- Dr. Elisse Evans
Can Food Affect Mood?
Updated: Jun 26, 2020
There is no denying that your mood can affect your food choices: stress goes hand in hand with sweet or fried foods, a sad mood obviously demands a pint of ice cream, but can foods be causing shifts in your mood?
Can our immediate food choices alter our brain chemistry? Absolutely! Depending on the various amount and type of carbohydrates and protein the meal contains can greatly affect our neurotransmitters. The amino acids in our food are the precursors to our neurotransmitters that directly affect serotonin, one of the main hormones when deficient leads to depression. Serotonin isn’t just found in the brain, there is a great amount of it in our digestive system. Dopamine and norepinephrine work in the same way as serotonin by regulating our mood. Now it is no mystery why carbohydrate rich meals sound delicious when you’re stressed- it increases serotonin making you temporarily happy (1).
Food choices have a long term role in our mental state as well. Nutrition is important in managing and decreasing severity of mental disorders. Studies have shown regions like China have much lower rates of mental disorders than rates in America. This is attributed to the dramatic difference in dietary choices, the majority of American diets are low in essential amino acids, nutrients, and omega-3 fatty acids(2). Research has shown that some mental disorders are associated with nutrient deficiencies that act as neurotransmitter precursors (2). The most common conditions that have been studied to show benefit from nutritional supplementation are major depressive disorder, bipolar disorder, schizophrenia and obsessive compulsive disorder. The rise in the diagnosis of major depression over time has been linked to overall decreased consumption of omega-3 fatty acids (2). Foods like fish, chia seeds, flax seeds, hemp seeds and egg yolks are high in omega-3 fatty acids.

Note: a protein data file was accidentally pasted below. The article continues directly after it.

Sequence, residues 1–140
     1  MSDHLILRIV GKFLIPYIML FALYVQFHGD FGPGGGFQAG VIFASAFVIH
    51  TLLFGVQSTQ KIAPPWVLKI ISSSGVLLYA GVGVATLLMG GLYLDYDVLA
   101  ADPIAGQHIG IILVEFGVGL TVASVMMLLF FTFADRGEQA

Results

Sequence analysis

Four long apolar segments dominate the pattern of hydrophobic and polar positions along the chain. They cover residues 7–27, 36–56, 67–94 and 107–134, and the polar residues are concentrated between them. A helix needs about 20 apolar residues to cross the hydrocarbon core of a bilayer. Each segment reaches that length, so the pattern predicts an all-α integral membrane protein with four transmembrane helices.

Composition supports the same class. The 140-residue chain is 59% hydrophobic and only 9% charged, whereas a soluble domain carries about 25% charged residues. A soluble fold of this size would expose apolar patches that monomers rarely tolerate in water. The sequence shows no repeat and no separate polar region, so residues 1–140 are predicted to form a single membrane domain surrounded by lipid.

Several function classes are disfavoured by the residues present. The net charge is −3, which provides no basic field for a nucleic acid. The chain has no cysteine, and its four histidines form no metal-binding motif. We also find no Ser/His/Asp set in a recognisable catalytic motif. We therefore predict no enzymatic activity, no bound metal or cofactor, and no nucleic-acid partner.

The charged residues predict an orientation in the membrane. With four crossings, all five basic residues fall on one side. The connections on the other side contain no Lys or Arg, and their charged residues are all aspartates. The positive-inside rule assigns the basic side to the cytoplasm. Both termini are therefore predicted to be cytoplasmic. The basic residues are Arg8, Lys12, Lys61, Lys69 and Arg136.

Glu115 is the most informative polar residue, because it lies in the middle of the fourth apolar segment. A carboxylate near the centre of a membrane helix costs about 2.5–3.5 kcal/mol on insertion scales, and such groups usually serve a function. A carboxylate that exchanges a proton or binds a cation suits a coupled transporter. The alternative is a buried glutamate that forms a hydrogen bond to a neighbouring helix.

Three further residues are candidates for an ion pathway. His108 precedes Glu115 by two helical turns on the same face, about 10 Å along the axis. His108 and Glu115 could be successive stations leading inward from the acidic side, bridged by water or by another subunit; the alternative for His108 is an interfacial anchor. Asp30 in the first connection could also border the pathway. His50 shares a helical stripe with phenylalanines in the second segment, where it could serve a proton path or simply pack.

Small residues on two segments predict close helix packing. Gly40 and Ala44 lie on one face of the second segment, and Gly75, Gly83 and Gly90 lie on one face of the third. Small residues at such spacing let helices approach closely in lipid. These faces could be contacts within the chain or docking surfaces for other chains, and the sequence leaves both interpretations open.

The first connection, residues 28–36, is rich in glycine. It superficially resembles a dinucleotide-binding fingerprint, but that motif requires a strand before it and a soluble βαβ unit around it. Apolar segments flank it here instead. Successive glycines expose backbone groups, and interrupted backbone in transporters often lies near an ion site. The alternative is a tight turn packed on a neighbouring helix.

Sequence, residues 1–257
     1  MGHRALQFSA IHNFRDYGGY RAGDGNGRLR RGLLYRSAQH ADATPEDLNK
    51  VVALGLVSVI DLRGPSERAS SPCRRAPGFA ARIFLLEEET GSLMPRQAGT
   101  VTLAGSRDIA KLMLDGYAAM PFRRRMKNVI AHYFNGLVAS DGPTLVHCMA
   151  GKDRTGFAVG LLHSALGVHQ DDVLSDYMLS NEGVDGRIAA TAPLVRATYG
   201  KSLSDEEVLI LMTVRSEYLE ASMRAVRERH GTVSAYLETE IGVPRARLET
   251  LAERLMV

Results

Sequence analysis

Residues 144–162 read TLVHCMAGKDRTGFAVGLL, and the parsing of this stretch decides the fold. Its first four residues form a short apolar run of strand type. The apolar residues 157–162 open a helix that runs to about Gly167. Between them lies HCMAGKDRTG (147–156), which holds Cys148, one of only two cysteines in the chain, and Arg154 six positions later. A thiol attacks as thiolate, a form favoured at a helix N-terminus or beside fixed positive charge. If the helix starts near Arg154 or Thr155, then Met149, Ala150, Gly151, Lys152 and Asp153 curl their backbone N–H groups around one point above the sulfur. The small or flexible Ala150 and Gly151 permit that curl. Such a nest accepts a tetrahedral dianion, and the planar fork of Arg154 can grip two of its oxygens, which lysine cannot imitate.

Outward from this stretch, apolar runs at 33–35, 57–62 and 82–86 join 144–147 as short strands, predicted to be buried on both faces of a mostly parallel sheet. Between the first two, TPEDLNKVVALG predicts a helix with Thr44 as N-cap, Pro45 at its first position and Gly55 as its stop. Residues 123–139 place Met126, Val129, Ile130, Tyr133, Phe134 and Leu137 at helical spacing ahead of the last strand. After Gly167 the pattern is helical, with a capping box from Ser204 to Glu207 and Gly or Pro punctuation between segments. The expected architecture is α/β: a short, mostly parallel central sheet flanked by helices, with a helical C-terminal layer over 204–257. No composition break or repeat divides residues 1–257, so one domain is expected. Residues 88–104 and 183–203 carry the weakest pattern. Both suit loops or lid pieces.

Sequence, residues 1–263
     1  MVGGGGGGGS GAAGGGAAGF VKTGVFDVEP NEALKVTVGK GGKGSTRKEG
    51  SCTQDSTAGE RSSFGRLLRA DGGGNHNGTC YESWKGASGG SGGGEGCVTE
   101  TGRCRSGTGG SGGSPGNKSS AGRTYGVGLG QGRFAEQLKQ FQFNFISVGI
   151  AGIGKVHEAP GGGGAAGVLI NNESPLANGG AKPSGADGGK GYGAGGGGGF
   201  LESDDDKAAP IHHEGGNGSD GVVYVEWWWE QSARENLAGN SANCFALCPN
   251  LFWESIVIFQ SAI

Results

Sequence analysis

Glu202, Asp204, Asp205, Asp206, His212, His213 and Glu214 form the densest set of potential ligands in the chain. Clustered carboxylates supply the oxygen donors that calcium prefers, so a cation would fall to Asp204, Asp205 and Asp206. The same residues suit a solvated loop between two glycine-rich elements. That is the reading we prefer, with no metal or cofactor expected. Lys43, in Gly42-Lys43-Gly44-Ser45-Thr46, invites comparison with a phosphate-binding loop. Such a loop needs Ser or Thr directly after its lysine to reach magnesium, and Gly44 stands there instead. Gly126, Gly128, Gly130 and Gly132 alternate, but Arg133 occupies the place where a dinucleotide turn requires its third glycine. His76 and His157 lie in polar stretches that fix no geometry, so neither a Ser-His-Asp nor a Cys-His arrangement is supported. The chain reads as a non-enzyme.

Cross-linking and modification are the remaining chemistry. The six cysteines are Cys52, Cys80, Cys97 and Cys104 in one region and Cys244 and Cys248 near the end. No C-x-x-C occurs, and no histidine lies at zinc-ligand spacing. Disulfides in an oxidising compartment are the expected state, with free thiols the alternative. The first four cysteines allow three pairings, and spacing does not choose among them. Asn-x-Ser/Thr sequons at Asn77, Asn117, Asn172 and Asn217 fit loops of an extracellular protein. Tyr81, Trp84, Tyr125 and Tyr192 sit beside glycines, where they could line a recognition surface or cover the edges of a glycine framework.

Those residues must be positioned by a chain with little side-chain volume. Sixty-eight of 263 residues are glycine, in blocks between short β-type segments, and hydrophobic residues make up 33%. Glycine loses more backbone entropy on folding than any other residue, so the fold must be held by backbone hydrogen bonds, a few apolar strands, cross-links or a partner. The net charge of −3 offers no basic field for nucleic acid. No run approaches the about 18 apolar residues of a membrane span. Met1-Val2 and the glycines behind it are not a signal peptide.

Your best bet when making food choices are those high in beneficial vitamins, amino acids, and omega 3 fatty acids. Green leafy vegetables have been found to be high in vitamin C, folate, and magnesium.
For more specific information make an appointment with Dr. Elisse Evans or contact your local naturopathic doctor.
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This blog is not intended to provide a health diagnosis, treat a medical condition, or provide medical advice. All content provided on this blog is for informational purposes.
All posts and information provided within this blog is for informational and educational purposes only, and is not to be construed as medical advice or instruction. No action should be taken solely on the contents of this blog. Please consult your doctor or a qualified health professional on any matters regarding your health and well-being or on any opinions expressed within this blog.
"Food and Your Mood: Nutrition and Mental Health : NCHPAD - Building Inclusive Communities." Web log post. National Center on Health, Physical Activity and Disability (NCHPAD). N.p., n.d. Web. 03 Nov. 2016.
Lakhan, Shaheen E., and Karen F. Viera. "Nutritional Therapies for Mental Disorders." Bio Med Central. Nutrition Journal, 28 July 2008. Web. <https://nutritionj.biomedcentral.com/articles/10.1186/1475-2891-7-2>.
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